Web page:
Remember back in the 1990’s, when there was that huge, mutli-faceted debate happening between working scientists, realists, and rationalists on the one hand, and anti-realists, skeptics, postmodernists, relativists and sociologists of science on the other?  There was a time when scientists were so angered by the things that some sociologists of science and other science critics were saying that they attacked on all fronts: many working scientists and other “anti-postmodernists” would vitriolically and categorically condemn the work of science critics as nonsense. They would associate such critics, for example at their own relatively exclusive conferences, with creationists and UFO-theorists. And perhaps most famously, in a special issue of a sociological journal meant to be an assessment and evaluation of the “Science Wars,” Alan Sokal, a trained physicist, famously published a hoaxed article made up of near-gibberish strings of fancy words, “arguing” for many conclusions about which the editors of the journal were known to be sympathetic.1

  1. Less well known, when compared to the “Sokal Affair” is the so-called “Bogadanov Affair”, which some science critics claim demonstrates how physicists, too, can have the wool pulled over their eyes, as the editors of Social Text were when Sokal published in their special issue.

Reaching for the stars and staying down to earth

Astronomers recently discovered an Earth-like planet, orbiting a Sun-like star, at an Earth-like distance, only 20 light years away. 1  The lead scientist in this project, Steven Vogt, has gone so far as to state that he is basically “100% certain” about the existence of life on the newly discovered world, a bet placed primarily on the planet’s distance from its sun.2  The only inhospitable-sounding part of most descriptions is the planet’s catalog-derived name – Gliese 581 g.

The subsequent public uptake of this discovery, for example by NBC’s Brian Williams, has gotten many people rightly concerned about the social consequences of generating hype about this astronomical discovery.  After reporting on this astronomical discovery during the nightly news, Williams finished his report by stating, “It’s just nice to know that if we screw this place up badly enough there is some place we can all go.”  David McConville, a science educator, responded with an avatar-based video, arguing that statements like Williams’s are routinely used to “subconsciously justify the continued destruction of our planetary ecosystems,” and that he should therefore retract his insinuation that Gliese 581 g could serve as a “back-up” Earth.  It’s not at all clear that he’s wrong about that.

  1. This discovery has not gone undisputed, however.  Here is a discussion of the controversy surrounding this “finding”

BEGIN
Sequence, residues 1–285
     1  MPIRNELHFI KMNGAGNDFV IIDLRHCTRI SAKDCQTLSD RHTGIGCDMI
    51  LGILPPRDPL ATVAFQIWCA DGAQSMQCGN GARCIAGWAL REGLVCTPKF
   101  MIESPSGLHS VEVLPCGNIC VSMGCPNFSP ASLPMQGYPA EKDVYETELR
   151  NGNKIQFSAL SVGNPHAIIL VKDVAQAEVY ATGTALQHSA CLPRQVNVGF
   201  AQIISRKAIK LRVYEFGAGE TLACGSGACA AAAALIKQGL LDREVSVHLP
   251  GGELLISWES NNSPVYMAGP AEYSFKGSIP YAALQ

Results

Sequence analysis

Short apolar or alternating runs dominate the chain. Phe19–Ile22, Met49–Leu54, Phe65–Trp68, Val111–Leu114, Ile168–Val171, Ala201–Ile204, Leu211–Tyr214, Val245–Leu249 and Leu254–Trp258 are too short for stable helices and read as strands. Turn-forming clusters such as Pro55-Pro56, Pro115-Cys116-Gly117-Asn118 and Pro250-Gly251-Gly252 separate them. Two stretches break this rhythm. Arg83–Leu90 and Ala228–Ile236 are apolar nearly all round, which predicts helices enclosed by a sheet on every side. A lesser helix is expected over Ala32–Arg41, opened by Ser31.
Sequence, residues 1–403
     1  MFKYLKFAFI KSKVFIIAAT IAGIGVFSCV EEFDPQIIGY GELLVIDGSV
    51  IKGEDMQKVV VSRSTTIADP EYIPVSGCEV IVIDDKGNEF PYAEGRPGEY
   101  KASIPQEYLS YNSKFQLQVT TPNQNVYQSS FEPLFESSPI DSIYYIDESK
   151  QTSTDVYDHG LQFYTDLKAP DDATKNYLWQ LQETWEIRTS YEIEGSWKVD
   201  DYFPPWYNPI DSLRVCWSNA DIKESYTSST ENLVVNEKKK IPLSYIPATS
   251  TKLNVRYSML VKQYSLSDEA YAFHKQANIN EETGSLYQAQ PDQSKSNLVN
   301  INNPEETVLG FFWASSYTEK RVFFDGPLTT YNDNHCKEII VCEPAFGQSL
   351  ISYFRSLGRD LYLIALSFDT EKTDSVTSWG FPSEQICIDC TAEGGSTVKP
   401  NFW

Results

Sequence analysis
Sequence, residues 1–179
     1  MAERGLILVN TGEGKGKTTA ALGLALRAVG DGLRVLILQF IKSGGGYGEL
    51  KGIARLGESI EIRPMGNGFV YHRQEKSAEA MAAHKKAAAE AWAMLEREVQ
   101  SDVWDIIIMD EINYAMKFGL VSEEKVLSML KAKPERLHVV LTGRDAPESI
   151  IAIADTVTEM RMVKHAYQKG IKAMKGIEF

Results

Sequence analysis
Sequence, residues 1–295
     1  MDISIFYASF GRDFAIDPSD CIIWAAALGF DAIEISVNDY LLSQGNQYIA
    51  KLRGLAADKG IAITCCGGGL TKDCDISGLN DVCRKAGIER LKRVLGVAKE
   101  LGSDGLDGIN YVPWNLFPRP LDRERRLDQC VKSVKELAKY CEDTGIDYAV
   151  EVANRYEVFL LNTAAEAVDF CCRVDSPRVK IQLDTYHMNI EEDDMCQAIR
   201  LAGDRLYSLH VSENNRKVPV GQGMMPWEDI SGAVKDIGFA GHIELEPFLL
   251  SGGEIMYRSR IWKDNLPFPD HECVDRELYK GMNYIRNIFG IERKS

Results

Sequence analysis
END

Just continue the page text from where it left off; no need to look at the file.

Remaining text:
2. This claim has, rightly, come under intense criticism from astronomers.  As Mark Thompson put it, “We can’t even be 100% sure it’s made of rock!!!”

Can History and Philosophy of Science be Applied in Socially Relevant Ways?

In the wake of economic crises and new austerity measures, social institutions are often rethought.  For the humanities, this can be quite threatening, as social support for characteristically intellectual activities dwindles when production is at a low and in need of heavy “stimulus,” possibly in the form of tax cuts.  Federal funding structures in Britain, for instance, have begun a re-orientation towards funding only those projects with the potential for economic or social “impact,” even within the humanities.1  This was resisted by many eminent academics in Britain, but it was especially resisted by philosopher of science James Ladyman2.  Ladyman works on the metaphysics of science, and metaphysicians often find it especially difficult to defend their projects according to criteria like “social impact”.3  Historians of Science working on esoteric topics are no stranger to similar challenges to their funding levels, based on the lack of any straightforward “social relevance” for their research into, for example, Medieval methods of timekeeping.

While I do not want to insinuate that history, science, philosophy, or any other intellectual discipline should be measured according to the standards of Britain’s “impact”-based Research Excellence Framework, I do think that it is important for historians and philosophers of science to be aware of all the different ways their activities could impact society, and not only so that they have ready responses when the people challenge the “impact” of their work.  So, for this week’s debatable, we have a very general group of questions to ask:  How can history and philosophy of science be applied, used, or employed in socially relevant ways?  How have they been applied, used, or employed?  What use do people who don’t study history and philosophy of science have for people who do study them?

  1. The new Research Excellence Framework, which will affect this reorientation, is set to go into effect in Britain in 2015
  2. it was joked that the degree to which one spoke out against the “impact” policies could be appropriately deemed the “Ladyman Index“.
  3. Much of my own work, which is by no means unique in this respect, has been oriented towards demonstrating that some practical issues depend on our metaphysical commitments, i.e. I have aimed to show that metaphysical issues can, in fact, be socially relevant.

Can evolutionary principles help us explain behavioural differences between men and women, and if so, to what degree?

Historians and philosophers of science engaged in evolutionary thinking, along with several evolutionary biologists, are sometimes suspicious of two purportedly scientific disciplines: evolutionary psychology and sociobiology.  Since the “scientific status” of these disciplines is, in particular, a favorite issue for many of us at The Bubble Chamber, it seemed appropriate to make it the topic of our first “debatable” post.  The post itself grows out of material recently taught by Vivien Hamilton in one of her courses at Toronto’s IHPST.  The idea behind “debatable” posts is that we will outline a contestable topic that readers will carry forward in the comments section; so please, feel obliged to take issue with anything in this post that you disagree with, and to address any aspect of the issues raised, in the comments section.…